Statues that fitIn coaching, as in many parts of life, the subject of “fit” is an important one. Coaching when the client and coach are not right for each other wastes time, money, energy, optimism and good will. The client may interview several coaches before choosing one. But how does the coach figure out as early as possible in the relationship when the client is not the right one for him?

Everyone likes to share their success stories. You know the ones where the coach is brilliant and the client makes tremendous progress and everyone lives happily every after. What you almost never hear about are the ones that don’t work out well. I believe that there is much to be learned from what doesn’t work and sometimes even more. So I’d like to share a case with you along with a few of my lessons learned. And because I’m a coach, the questions that still linger in my mind…….

I’d like to share the story of a particular client I gained and let go of within a month, and ask you to consider how you know when you have your own squirrelly client. How do you decide what to do about it? Do you have a plan? Or do you just wing it?

In reading this you’ll probably have thoughts of what YOU would have done or of how to coach me through this challenge. But that’s not the point. There are many ways the situation could have been handled, I certainly understand that.

So please direct your attention to the fit problem and consider what I learned — and hopefully what you might learn — as the focus for discussion.

Here’s the back story:

I had a client; we’ll call him Gene, an interesting man with ADHD, an interesting business and money to pay for coaching. I am making no suppositions that he may or may not be coachable.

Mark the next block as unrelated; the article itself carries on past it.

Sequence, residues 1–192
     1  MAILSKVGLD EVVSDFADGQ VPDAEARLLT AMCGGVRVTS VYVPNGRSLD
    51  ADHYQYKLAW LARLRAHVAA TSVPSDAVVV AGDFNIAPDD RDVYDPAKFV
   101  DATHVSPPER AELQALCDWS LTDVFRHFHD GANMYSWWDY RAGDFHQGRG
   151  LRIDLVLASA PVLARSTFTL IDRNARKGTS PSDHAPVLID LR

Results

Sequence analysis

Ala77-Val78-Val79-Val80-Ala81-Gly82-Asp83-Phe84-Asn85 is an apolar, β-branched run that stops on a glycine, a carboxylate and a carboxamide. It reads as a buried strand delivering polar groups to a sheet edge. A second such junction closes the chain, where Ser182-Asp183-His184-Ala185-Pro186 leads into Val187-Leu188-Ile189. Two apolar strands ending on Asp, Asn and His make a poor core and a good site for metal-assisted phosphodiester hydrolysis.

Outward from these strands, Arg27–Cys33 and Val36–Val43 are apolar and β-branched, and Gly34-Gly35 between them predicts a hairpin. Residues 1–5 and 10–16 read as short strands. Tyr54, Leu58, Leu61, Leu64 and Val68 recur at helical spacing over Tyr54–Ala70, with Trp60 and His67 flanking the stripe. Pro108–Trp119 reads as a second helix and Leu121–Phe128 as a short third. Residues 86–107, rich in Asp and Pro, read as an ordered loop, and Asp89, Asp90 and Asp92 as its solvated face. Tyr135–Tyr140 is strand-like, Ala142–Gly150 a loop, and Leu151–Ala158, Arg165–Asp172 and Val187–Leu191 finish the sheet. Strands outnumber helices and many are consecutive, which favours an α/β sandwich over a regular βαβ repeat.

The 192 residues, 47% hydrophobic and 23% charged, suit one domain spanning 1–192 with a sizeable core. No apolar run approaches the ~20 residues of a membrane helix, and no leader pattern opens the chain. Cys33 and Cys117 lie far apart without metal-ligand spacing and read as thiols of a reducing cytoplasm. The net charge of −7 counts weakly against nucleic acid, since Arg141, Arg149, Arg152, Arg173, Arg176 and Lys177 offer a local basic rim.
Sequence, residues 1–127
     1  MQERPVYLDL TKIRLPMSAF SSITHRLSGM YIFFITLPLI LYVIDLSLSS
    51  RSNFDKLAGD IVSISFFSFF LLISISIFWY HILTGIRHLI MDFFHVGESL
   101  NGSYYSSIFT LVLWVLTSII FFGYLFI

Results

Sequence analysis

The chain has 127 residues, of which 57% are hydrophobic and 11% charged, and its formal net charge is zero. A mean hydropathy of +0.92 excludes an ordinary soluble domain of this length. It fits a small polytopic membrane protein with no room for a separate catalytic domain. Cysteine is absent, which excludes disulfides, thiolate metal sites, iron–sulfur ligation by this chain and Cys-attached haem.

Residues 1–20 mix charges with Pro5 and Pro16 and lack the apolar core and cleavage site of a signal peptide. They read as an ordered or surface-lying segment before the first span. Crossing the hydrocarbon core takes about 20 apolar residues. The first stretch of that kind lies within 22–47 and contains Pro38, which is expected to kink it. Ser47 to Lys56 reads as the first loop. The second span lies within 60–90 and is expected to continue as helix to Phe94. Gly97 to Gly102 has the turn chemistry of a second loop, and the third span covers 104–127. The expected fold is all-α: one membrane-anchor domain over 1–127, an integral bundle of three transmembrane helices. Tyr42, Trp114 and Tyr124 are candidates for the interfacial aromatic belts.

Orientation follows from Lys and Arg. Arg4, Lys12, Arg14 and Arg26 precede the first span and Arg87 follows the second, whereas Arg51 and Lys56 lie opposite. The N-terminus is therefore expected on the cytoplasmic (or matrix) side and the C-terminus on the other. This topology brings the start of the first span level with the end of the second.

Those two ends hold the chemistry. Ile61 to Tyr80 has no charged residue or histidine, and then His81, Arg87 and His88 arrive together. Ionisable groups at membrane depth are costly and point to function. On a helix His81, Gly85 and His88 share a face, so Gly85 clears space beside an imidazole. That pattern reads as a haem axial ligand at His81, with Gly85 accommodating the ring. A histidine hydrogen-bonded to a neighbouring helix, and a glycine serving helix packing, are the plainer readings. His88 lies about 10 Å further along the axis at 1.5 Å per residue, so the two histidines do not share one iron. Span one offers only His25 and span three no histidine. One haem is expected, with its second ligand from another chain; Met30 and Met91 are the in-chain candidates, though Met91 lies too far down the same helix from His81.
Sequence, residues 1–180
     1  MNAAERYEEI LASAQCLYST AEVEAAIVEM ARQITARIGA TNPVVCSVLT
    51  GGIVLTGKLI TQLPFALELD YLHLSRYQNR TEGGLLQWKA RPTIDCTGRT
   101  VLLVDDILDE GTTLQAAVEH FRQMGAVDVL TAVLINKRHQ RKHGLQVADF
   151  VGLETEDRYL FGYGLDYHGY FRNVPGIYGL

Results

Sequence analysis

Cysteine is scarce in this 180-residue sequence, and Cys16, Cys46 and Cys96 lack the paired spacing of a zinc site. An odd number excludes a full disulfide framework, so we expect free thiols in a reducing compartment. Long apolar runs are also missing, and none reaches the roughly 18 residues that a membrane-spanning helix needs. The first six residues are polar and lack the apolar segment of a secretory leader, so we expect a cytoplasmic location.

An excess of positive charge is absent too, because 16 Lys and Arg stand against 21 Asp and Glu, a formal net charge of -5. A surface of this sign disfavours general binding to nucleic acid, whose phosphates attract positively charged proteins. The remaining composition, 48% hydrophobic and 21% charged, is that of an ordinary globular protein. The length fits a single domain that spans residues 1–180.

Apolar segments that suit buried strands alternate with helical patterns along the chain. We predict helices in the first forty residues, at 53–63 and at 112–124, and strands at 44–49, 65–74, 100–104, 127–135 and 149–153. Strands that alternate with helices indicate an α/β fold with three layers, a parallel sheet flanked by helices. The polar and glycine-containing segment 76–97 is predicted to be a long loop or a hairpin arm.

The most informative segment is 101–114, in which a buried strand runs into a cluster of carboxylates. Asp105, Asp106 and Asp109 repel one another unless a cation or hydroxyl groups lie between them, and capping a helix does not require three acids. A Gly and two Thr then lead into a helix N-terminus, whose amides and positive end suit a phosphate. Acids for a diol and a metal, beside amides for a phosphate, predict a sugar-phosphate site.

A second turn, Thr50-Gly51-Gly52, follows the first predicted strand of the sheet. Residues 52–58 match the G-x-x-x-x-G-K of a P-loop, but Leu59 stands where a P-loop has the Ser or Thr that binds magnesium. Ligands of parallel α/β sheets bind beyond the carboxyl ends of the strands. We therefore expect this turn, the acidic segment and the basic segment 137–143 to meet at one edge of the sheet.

He made an appointment for the Discovery Session which he changed twice. He rearranged the regular sessions several times. He’d call at his convenience but not at appointed times because they had always seemed too far in the future or inconvenient or we’d just talked.

He seemed to think things would happen for him immediately, just because he wanted it. He’d send me emails saying, literally, “I need coaching now.”

Kind Man from morguefile.com  by bjwebbizRepeatedly he remarked that he was a “kind, loving and strong man.” And when the stories began repeatedly referencing his childhood, I told him he should talk to the therapist he had been seeing for some time.

The only thing he did follow thru with over the couple of weeks of our relationship was to start taking medication. He’d had a diagnosis but had resisted medication, which had been successful for him as a child.

But the list of what he did NOT do is much longer:

  • A divorce is very important to him because his wife is “crazy,” his word. He longs for a loving wife and children before he is 50. (He is now 46.) The first task was to download divorce forms from the internet. Not done.